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Domaine Jean-Marc Pillot Chassagne-Montrachet Les Chenevottes Premier Cru 2014
The domaine is dominated by its production of white wines but there are important cuvées of red wine produced here as well. Vineyard holdings are spread throughout the village of Chassagne with subsidiary parcels in Puligny, Santenay, Meursault and Remigny (to the south). This breadth of real estate enables the Pillot family to produce a stunning range of wines that put on brilliant display the intricacies of terroir in this southern tier of the Cote de Beaune. The estate's jewels are its premier crus blancs (Baudines, Chenevottes, Macherelles, Vergers, Morgeot, Caillerets, La Maltroie and Champs Gain) and premier cru rouges (Macherelles, Morgeot, Clos St.Jean), all within the boundaries of Chassagne Montrachet. However, one should not overlook several gems that come from less exalted appellations, such as the Bourgogne Blanc "Grands Champs", the Bourgogne Rouge "Grandes Terres", and the expressive Santenay Rouge "Champs Claude"; and, of course, there are the fine village wines in both white and red from Chassagne. Jean-Marc also accesses grapes in very limited quantities from interesting appellations like his Montagny 1er Cru "Les Gouresses" and Saint Romain Blanc “La Perriere”.
A Côte de Beaune village most famous for its beautifully textured and powerful whites, Chassagne-Montrachet reaches farthest south in the Côte d’Or, save for the village of Santenay. It has three Grands Crus vineyards: Le Montrachet, Bâtard-Montrachet and Criots-Bâtard-Montrachet. Le Montrachet and Bâtard-Montrachet overlap with and are (confusingly) shared with the village of Puligny-Montrachet. But Chassagne-Montrachet bears sole ownership of the Criots-Bâtard-Montrachet Grand Cru.
The beauty doesn’t stop there as the village has a great many outstanding Premiers Crus wines and village level wines. Most famous Premiers Crus vineyards include Les Chenevottes, Clos de la Maltroie, En Cailleret and Les Ruchottes. Also, village level wines offer many lovely examples of what Chassagne-Montrachet has to offer, but at more approachable price points and perhaps less demand of waiting.
The best sites in Chassagne-Montrachet have complex soils of sedimentary rock and limestone (with less marl). Whites, which are by law composed of 100% Chardonnay (as in all classified white Burgundy from Côte d’Or), have steely power, bright and concentrated citrus, stone or tropical fruit characteristics and attractive textures ranging from plush to tactile, grippy and mineral-driven.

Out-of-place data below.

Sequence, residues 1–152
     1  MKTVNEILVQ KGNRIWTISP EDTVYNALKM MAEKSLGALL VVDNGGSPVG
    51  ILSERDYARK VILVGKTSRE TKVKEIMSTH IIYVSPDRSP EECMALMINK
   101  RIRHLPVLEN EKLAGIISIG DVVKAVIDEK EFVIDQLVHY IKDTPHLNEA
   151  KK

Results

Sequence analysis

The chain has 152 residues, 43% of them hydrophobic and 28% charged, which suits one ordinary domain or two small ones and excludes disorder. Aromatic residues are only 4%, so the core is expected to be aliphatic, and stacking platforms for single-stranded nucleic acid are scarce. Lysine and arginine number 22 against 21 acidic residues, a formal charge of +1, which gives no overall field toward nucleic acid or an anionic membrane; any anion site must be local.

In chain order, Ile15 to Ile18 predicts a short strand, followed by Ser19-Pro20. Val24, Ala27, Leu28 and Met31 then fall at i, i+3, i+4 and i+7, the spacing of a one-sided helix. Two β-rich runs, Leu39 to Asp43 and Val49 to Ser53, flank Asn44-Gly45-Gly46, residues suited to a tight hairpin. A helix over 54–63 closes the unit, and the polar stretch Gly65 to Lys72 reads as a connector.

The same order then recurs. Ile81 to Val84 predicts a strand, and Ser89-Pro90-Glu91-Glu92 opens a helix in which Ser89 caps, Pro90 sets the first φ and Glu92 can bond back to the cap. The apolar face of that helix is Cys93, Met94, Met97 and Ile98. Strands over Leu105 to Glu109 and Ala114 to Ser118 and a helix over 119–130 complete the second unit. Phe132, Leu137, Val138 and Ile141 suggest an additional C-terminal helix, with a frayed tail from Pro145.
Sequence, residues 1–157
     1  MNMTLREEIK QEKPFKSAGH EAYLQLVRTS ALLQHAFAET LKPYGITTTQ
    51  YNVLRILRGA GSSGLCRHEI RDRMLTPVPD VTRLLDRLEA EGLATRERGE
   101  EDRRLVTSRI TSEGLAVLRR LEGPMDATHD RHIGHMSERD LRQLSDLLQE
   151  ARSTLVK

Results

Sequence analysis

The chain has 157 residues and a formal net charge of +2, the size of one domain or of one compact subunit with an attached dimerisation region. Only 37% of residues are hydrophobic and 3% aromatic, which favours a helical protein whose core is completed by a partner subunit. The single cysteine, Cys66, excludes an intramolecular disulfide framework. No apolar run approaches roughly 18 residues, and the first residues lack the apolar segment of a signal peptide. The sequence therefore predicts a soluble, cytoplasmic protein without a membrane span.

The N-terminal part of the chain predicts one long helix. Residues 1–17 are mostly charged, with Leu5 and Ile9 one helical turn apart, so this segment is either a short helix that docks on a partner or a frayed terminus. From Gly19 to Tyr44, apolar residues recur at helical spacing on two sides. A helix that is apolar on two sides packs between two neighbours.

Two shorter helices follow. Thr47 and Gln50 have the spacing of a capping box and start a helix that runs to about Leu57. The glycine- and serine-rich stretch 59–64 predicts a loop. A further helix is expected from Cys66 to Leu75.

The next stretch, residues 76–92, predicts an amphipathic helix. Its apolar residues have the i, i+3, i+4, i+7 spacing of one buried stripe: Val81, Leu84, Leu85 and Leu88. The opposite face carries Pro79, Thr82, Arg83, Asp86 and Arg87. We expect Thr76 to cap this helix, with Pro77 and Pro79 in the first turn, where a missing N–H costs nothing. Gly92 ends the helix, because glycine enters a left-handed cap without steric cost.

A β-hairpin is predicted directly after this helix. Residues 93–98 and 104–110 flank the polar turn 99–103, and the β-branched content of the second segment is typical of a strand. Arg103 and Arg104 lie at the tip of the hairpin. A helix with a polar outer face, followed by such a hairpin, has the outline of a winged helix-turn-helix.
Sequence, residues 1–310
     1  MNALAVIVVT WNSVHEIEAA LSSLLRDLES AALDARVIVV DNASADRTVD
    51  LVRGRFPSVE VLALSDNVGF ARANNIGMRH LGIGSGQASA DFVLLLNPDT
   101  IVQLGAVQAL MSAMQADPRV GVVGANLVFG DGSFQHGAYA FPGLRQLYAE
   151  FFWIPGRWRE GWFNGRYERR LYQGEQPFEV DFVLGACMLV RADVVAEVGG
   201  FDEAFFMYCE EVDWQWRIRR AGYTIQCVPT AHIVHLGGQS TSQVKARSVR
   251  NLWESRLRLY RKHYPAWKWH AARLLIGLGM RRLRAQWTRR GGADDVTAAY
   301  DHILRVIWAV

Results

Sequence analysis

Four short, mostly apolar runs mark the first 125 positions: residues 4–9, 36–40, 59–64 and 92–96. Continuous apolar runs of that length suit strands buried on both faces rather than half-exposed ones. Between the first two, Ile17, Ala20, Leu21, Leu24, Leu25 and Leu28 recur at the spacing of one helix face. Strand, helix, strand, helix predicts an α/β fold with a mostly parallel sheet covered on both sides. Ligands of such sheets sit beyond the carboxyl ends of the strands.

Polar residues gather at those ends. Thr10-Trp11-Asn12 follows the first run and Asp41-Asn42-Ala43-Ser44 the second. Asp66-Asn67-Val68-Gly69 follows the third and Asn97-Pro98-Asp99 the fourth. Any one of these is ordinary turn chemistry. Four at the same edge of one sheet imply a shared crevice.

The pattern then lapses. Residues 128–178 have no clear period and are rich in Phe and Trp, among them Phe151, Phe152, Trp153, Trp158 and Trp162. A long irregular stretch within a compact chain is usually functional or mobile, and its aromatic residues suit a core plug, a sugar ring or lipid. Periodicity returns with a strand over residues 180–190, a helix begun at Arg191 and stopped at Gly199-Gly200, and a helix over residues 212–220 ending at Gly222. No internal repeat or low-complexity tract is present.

There is some fine Pinot noir produced from the village. These wines tend to be high-toned and earthy, with wild herb aromas and suave tannins.
One of the most popular and versatile white wine grapes, Chardonnay offers a wide range of flavors and styles depending on where it’s grown and how it’s made. In Burgundy, Chardonnay produces some of the finest white wines in the world, typically tending towards minimal intervention in the winery and at its best resulting in remarkable longevity. This grape is popular throughout the world, but perhaps its second most important home is in California, where both oaky, buttery styles and leaner, European-inspired wines enjoy great popularity. Oregon, Australia, South America, South Africa, and New Zealand are also significant producers of Chardonnay.
In the Glass
When planted on cool sites, Chardonnay’s flavors tend towards grapefruit, green apple, minerals, and white stone fruit, while warmer locations coax out richer, more tropical flavors of fig, melon, and pineapple. Oak can add notes of vanilla, coconut, and spice (as well as texture), while malolactic fermentation can impart soft, buttery acidity.
Chardonnay is as versatile at the table as it is in the vineyard. The crisp, clean, Chablis-like styles go well with simple seafood, light chicken dishes, and salads. Richer Chardonnays marry well with cream or oil-based sauces.
Since the 1990s, big, oaky, buttery Chardonnays from California have enjoyed explosive popularity. More recently, the pendulum has begun to swing in the opposite direction, towards a clean, crisp style that rarely utilizes new oak. These Old-World style wines have been dubbed the “New California Chardonnays,” and anyone who claims they do not like Chardonnay should give them a try.